Some sixty years ago, Charles E. Wilson, then CEO of General Motors, told Congress: “What is good for our country is good for General Motors, and vice versa.” This was widely seen as an arrogant exaggeration of industry’s role in American life, and “Engine Charlie” took public flak for his hubris.
But he was right. Giant corporations such as General Motors ruled the US economy in those days and underwrote what was, in retrospect, the golden era of American industry. Certainly, government fought with business and business — especially GM, protagonist in some bitter strikes — fought with labour. But together, they created a post-war landscape of high employment, rising wages, job stability, and economic security. The American working class became the American middle class through this mighty economy and the great corporations that dominated it.
That’s gone now, and the reason underlies many of the woes — instability, falling wages, inequality, insecurity, the vanishing middle class — that plague so much of Middle America today and, especially, the industrial belt where “Engine Charlie” and his colleagues were kings.
The giant corporations such as GM have abandoned the US and its workers. Or rather, they’ve moved on, into a global economy where these workers and the cities they supported cannot follow. Mostly, they still have American addresses, but they’re global now, not American. There is nothing illegal in this, and by the rules of corporate responsibility prevailing in the US, nothing very immoral. In an economy where shareholder value trumps stakeholder interests, any global corporation has to attend to the bottom line.
But the bottom line is written in a global economy. That fact enables — almost demands — that the great American corporations abandon their commitment to the wellbeing of the country that most of them still call home.
In the old nation-based industrial economy, the bottom line for American corporations dictated a real concern for American society. Most of the corporations’ employees were American, so American education counted. Most of their sales were domestic, so it was important that Americans could afford to buy their products. Both politics and the economy stopped at the water’s edge, so the government could pass regulations and laws on the environment, taxes, and collective bargaining and make them stick.
The global economy has changed all that. Giant corporations have moved many, sometimes all, of their operations to Asia or Latin America, to cut costs or to be closer to markets. The result is a hollowing out of old industrial cities that were literally founded to serve their companies. These include places like Newton, Iowa, which Maytag left and took 4,000 jobs with it. Or Dayton, Ohio (Delphi, 30,000 jobs). Or Rochester, NY (Kodak, 50,000 jobs.)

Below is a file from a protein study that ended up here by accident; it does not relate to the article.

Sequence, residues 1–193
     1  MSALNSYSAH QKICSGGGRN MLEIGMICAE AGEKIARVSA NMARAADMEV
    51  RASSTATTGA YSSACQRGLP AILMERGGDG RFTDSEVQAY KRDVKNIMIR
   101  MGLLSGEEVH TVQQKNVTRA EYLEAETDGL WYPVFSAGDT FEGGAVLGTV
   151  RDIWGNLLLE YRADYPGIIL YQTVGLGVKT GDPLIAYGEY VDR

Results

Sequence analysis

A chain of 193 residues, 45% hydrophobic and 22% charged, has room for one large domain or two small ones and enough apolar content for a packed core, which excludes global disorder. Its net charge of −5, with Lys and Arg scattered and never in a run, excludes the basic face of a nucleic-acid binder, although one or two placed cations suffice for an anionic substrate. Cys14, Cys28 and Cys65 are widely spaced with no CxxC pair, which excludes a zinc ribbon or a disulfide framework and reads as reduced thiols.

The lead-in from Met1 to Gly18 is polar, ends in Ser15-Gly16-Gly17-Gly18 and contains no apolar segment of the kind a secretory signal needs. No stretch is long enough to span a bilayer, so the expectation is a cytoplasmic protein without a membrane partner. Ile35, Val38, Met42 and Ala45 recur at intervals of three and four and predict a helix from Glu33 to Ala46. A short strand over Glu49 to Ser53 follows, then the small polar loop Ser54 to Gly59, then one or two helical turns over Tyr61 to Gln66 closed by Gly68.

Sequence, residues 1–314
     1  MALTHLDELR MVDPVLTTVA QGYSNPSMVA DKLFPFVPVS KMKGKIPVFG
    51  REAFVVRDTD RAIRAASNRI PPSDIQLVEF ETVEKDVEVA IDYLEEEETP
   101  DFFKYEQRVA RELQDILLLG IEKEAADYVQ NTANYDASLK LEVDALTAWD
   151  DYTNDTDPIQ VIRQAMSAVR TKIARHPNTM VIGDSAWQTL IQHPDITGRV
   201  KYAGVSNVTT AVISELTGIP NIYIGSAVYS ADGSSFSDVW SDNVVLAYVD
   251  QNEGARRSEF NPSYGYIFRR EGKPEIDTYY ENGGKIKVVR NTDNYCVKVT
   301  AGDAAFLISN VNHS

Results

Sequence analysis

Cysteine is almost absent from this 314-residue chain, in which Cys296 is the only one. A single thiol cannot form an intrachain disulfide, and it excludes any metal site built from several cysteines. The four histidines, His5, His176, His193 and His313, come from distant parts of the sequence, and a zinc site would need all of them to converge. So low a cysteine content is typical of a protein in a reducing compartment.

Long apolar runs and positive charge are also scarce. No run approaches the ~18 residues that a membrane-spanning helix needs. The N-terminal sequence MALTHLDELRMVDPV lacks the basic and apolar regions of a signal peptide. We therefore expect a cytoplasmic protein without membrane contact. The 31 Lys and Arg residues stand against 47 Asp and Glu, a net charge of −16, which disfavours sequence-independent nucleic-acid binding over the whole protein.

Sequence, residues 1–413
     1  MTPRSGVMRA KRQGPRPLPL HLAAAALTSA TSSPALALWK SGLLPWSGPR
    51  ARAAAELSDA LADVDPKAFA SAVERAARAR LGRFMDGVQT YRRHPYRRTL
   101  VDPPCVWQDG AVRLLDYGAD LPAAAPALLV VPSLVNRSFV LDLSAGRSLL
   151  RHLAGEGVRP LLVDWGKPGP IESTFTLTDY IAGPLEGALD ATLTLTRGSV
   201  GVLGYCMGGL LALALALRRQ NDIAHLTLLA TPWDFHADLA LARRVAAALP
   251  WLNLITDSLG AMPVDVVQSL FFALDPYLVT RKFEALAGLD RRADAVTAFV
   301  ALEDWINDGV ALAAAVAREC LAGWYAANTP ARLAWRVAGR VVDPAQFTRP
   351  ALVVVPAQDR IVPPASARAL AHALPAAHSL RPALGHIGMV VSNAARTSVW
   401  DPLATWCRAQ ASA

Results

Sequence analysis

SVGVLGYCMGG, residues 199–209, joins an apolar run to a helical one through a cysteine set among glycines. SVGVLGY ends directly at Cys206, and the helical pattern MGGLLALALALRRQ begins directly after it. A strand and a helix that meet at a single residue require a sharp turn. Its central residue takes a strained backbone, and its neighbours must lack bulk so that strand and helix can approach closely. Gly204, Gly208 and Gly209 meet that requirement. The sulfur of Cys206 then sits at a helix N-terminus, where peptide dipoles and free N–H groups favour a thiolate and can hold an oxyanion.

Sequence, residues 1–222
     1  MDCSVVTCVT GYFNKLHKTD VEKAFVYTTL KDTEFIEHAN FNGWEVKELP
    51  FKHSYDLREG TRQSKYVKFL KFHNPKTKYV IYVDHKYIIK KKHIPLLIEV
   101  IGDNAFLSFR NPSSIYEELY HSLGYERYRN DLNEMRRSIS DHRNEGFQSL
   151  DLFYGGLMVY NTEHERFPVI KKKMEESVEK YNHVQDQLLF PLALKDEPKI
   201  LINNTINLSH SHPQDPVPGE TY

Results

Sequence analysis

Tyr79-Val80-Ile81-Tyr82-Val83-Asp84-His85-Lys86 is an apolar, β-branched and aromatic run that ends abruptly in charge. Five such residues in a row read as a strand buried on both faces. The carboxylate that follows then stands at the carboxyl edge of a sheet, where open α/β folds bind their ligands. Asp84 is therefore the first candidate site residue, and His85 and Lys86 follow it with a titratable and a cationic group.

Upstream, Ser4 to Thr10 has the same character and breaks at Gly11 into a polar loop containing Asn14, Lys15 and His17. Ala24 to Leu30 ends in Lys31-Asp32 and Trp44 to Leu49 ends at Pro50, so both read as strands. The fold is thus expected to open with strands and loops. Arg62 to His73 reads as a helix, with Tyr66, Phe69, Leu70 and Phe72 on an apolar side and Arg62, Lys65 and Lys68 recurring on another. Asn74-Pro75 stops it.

Or the wreckage left by GM, most recently in Janesville, Wisconsin, home town of Republican vice presidential candidate Paul Ryan, where GM’s closing cost 2,500 jobs. Or the real catastrophe, in Michigan, GM’s home state and, especially, in Flint, its hometown. In 1978, GM employed 80,000 people in Flint, out of a population of nearly 200,000; GM suppliers employed 40,000 more. Today GM employs fewer than 8,000, one-tenth as many, in a total population of 100,000, half as many. Flint once boasted the highest per capita income in the US. It was a middle class town. Today it has a 16 per cent unemployment rate and the nation’s highest murder rate in the nation.
GM has changed over the years, too. Today it employs 70,000 Americans, fewer than it employed in Flint alone at the peak; this is about one-third of its global employment. It sold more cars in China last year than in the US and has as many dealerships there. Its sales in China are rising 11 per cent per year: US sales dipped with the recession, when the company had to be bailed out by Washington, but are recovering at a 4 per cent per year rate now. In other words, if GM worries about the education and income of its employees and customers, it is right to focus this concern on China, not Flint.
What this means is that if America is declining, the mighty corporations most able to reverse this decline don’t care — indeed, can’t care. Globalisation has freed them from any perceived responsibility to their home country. It’s a psychological schism between American workers and the companies that once signed their paychecks, and the country hasn’t absorbed this fact.
In the old industrial towns, this gets personal. In these towns, the workers and bosses shopped on the same main street, worshipped in the same churches, often sent their kids to the same schools, breathed the same air. It was certainly no classless society, but the same things mattered to workers and to the men who employed them.
That’s over. Industry has left these old towns and so have the men who ran it. If Main Street is crumbled, its stores boarded up, its remaining storefront filled with AA clinics and gift shops, that’s of no concern to global leaders who live in isolated suburbs, sending their kids to top schools where they learn to take their place in the global elite.
This disconnect between America and its biggest corporations shows up in other statistics. In 1950 (Engine Charlie’s era), corporations paid 26 per cent of all federal government tax receipts; now it’s only 10 per cent. A survey of US companies listed in the Standard & Poor’s 500 showed they get an average of 46 per cent of their earnings overseas. This alone explains why the stock market has been sprinting upward while the US economy itself is barely stumbling along.
This will continue. The American market isn’t puny but the real growth is global and that’s where corporate focus will lie. Americans, who invented the global economy, are now getting its results good and hard.